Roll Call: Latest News on Capitol Hill, Congress, Politics and Elections
July 5, 2015

Posts in "Leadership Race"

June 9, 2015

TPA Could Be Litmus Vote for Possible Pelosi Successor

Wasserman Schultz, D-Fl., at a Congressional Gun Violence Prevention Task Forcehearing on the comprehensive steps that Congress can take to reduce gun violence - while also respecting the 2nd Amendment rights of law-abiding citizens. (Photo By Chris Maddaloni/CQ Roll Call)

Wasserman Schultz and other ambitious House Democrats will have to weigh the potential cost of voting for Trade Promotion Authority. (CQ Roll Call File Photo)

Updated: 4:46 p.m. | There’s no guarantee this is Minority Leader Nancy Pelosi’s last term in office but should she retire in 2016, House Democrats will be using plenty of metrics to pick her successor — and the upcoming trade vote could be one of them.

Trade Promotion Authority — the vote could come as soon as this week — has support from President Barack Obama, most Republicans and a handful of pro-trade congressional Democrats. On the other is a largely united, and increasingly fiercely opposed, Democratic Caucus.

And Democrats with an eye for the top spot seem to know it.

Full story

April 28, 2015

The Steve Scalise Comeback Tour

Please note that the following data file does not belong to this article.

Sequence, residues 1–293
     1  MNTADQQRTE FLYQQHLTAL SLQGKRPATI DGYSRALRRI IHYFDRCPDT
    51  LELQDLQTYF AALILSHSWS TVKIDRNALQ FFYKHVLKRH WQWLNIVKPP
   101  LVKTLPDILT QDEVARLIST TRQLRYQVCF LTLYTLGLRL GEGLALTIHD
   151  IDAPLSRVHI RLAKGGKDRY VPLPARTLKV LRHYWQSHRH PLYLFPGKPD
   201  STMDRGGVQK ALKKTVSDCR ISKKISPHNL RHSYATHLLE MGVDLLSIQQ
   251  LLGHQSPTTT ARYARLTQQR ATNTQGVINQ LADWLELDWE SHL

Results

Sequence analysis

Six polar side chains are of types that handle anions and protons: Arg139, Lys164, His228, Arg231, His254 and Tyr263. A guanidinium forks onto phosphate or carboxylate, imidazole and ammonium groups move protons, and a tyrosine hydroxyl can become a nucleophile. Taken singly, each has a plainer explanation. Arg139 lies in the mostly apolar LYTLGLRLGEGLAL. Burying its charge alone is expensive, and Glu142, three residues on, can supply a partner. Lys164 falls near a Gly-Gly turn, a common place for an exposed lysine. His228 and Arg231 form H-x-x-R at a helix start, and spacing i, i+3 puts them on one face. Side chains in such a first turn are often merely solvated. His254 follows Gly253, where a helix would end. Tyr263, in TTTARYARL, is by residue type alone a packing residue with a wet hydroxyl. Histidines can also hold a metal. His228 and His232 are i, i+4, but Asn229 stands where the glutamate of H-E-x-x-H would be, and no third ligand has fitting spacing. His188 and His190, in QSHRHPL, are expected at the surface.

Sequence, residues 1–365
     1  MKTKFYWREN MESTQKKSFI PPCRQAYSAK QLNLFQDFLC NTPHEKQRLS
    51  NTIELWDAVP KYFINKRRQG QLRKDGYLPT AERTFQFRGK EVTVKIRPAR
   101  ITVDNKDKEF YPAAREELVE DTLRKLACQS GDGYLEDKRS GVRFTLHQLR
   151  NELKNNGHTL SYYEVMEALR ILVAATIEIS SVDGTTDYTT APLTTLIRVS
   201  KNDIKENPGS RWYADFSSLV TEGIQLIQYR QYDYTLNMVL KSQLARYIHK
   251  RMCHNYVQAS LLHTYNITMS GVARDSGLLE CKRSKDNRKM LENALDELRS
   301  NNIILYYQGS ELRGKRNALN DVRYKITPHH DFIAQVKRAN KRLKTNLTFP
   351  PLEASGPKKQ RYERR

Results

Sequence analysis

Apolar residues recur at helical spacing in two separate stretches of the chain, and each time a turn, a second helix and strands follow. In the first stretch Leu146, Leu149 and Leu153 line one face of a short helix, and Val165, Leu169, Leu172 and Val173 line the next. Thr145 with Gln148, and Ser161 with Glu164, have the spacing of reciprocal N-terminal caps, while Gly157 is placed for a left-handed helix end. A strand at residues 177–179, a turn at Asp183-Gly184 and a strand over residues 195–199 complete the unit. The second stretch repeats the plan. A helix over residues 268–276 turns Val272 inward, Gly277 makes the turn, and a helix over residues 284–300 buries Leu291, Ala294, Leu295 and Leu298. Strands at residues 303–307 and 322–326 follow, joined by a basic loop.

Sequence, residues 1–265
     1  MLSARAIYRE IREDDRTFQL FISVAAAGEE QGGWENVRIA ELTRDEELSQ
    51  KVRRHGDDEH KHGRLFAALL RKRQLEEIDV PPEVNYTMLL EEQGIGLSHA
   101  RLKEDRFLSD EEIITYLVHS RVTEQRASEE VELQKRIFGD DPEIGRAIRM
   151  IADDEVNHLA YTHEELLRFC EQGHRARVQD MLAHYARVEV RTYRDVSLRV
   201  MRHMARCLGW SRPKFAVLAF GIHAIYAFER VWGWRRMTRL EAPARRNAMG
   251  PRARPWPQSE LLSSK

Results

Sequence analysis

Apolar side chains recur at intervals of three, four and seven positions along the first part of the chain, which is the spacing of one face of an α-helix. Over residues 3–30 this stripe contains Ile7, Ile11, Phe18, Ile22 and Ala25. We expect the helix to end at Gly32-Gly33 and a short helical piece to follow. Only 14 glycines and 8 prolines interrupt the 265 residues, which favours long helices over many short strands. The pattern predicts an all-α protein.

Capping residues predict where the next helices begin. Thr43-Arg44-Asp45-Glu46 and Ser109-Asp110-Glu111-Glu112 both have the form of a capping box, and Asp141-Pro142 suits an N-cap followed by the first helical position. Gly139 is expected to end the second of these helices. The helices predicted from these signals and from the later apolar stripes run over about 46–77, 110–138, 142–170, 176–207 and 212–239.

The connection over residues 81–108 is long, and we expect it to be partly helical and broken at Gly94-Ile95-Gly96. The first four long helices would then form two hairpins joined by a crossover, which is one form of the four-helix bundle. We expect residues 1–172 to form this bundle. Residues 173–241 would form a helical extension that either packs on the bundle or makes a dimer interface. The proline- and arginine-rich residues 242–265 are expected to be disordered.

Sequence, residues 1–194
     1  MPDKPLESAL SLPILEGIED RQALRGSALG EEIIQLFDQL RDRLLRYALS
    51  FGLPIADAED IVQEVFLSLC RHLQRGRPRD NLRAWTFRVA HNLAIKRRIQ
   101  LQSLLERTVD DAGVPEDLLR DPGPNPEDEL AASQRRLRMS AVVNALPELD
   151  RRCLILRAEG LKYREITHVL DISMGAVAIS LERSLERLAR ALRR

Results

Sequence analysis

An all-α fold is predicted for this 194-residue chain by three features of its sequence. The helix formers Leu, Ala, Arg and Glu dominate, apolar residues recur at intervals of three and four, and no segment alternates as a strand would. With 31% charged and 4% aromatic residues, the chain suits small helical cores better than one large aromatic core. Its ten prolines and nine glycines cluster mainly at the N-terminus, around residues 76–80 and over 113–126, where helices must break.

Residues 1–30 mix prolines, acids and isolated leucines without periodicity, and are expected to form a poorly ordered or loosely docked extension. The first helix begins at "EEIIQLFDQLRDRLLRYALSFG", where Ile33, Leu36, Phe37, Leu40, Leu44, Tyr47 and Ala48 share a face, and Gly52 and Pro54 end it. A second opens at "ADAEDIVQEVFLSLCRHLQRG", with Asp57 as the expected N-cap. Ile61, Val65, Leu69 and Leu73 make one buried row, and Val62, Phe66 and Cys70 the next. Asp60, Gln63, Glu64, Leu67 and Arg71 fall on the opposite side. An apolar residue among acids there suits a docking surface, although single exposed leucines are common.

UNITED STATES - MARCH 24: Majority Whip Steve Scalise, R-La. speaks during a news conference in the Capitol as House Majority Leader Kevin McCarthy, R-Calif., looks on, after a meeting of the House Republican Conference, March 24, 2015. (Photo By Tom Williams/CQ Roll Call)

Persistence, Scalise says, is his key to success. (Tom Williams/CQ Roll Call)

When Majority Whip Steve Scalise walked to the floor on Feb. 27 for the vote on a three-week continuing resolution for the Department of Homeland Security, he knew it was going to fail.

“When we put the bill out there,” Scalise recounted in a sit-down with CQ Roll Call, “there were a lot of members who felt that was the right way to go — over 80 percent of our conference voted for it — but we still didn’t have enough to get there, and you couldn’t expect any Democrats.”

Welcome to the role of the modern majority whip.

It’s an increasingly difficult position. There are no earmarks to dangle in front of members. Plenty of Republicans, having discovered pathways to re-election by being party antagonists, have little reason to fear leadership. And plenty of other Republicans, tired of the conference catering to its most conservative members, are ready for a revolt of their own.

Full story

April 14, 2015